The Computational Cell Biology meeting is held every other year at Cold Spring Harbor Laboratories (CSHL www.cshl.edu) in Long Island. Initiated in 2001 by the Center for Cell Analysis and Modeling at University of Connecticut Health Center, this conference brings together researchers who work at the cross-sections of physics, mathematics, computational sciences and cell biology. One is as likely to see experimental methods for live cell imaging as theoretical papers on mathematical forms for creating basic network regulatory patterns.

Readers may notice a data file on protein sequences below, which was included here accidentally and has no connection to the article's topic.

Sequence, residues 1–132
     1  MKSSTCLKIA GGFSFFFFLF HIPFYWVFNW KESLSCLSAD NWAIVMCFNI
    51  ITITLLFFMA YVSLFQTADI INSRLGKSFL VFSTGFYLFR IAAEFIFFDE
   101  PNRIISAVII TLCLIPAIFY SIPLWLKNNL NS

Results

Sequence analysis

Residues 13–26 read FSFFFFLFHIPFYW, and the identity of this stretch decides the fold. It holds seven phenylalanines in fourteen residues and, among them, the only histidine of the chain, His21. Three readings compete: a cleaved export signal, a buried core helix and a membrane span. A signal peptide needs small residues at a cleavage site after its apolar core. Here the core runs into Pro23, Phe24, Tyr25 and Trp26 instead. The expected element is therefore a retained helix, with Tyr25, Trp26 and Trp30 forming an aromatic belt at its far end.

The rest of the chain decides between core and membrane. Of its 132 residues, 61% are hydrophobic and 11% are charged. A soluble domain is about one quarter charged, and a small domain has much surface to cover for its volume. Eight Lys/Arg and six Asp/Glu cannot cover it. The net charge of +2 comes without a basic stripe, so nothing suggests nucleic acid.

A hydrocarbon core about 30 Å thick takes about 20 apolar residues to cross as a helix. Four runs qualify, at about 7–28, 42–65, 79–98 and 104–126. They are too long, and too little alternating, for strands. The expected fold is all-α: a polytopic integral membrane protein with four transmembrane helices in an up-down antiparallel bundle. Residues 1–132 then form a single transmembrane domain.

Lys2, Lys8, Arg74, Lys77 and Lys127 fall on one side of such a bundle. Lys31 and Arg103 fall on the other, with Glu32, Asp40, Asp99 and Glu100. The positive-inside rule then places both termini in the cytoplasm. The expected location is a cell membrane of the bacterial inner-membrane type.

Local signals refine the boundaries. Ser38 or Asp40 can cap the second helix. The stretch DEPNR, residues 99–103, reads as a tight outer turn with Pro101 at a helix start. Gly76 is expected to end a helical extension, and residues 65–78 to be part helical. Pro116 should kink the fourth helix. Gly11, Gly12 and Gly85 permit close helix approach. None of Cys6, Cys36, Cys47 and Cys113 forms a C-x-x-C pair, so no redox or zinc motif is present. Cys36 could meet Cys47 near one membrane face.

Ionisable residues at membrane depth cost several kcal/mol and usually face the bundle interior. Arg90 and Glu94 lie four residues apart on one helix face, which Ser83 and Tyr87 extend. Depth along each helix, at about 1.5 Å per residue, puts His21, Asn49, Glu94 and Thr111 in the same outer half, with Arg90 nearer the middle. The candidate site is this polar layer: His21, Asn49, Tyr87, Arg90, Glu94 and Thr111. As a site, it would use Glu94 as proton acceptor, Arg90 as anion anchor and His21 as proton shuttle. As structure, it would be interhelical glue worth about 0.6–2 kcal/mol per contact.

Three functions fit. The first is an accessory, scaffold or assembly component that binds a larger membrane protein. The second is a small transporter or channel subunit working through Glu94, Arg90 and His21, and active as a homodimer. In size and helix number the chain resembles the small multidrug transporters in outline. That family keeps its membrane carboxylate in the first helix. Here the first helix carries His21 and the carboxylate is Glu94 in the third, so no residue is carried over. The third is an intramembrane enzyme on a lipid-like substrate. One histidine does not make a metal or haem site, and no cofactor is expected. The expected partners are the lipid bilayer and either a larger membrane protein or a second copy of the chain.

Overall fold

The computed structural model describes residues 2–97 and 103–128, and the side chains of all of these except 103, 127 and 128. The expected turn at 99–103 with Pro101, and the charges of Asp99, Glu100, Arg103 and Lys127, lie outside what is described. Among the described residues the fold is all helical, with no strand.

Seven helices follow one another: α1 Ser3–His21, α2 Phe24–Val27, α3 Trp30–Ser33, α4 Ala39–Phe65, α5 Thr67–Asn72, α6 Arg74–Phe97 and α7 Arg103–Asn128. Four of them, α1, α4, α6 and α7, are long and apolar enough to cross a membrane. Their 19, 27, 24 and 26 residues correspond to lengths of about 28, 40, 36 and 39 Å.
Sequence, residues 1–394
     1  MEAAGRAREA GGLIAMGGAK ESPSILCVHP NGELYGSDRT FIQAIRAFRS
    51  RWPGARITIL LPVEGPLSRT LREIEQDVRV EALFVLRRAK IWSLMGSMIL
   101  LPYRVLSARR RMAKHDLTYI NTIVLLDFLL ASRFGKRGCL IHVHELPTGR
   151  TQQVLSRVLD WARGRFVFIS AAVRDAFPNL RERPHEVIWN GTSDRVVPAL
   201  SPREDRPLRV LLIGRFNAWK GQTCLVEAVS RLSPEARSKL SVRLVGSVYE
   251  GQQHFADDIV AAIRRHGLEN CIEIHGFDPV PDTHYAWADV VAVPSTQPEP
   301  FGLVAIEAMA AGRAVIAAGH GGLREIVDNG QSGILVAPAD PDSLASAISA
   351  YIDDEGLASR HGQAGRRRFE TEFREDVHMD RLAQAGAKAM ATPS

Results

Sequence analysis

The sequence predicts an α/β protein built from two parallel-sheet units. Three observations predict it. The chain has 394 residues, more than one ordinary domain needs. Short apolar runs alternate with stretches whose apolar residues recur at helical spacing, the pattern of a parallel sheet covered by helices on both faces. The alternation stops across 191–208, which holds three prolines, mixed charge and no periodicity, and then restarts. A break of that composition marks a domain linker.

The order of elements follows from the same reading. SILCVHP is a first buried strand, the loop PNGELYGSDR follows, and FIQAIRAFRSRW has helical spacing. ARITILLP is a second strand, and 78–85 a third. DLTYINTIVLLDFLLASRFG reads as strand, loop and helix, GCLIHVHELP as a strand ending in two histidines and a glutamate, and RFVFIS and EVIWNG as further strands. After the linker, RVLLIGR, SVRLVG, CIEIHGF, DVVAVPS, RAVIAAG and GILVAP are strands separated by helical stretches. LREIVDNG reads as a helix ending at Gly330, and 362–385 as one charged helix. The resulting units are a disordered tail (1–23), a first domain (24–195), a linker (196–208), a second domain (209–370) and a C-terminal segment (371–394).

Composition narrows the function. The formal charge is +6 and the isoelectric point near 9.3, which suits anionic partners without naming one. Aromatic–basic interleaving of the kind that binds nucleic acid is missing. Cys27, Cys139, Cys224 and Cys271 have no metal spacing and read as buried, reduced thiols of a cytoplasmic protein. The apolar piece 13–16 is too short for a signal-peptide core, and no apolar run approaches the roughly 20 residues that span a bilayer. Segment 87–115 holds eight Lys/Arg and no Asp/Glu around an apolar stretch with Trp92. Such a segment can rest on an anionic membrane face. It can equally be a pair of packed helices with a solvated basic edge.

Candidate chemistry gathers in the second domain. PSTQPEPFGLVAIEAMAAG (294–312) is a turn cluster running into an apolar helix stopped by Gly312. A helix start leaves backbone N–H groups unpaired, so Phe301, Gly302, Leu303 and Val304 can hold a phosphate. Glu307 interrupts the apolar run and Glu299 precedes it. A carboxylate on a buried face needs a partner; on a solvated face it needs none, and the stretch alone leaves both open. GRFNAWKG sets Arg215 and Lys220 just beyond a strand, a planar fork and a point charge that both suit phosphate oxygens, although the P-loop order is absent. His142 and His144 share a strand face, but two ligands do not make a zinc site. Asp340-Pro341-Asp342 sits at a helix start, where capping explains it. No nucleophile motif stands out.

Interdisciplinary fields do more than share information across disciplines. They work to build collaborations and projects that create new approaches and discoveries. Building such collaborations is a social subjective process that depends on people listening, following and contributing in areas that are unfamiliar. How do scientists develop the trust and team work to push the boundaries of their knowledge in these collaborations? Holmes in 2011 led an improvisation workshop for scientists at CCB that introduced researchers to the benefits of performance and play in breaking the ice and having new kinds of conversations. Play is recognized as a competitive advantage in business innovation and practice. And the combination of scientific rigor with playfulness is the basis for exciting collaborations. In 2013, Holmes will lead attendees an interactive discussion on the significance and advantages of performance and play in computational cell biology.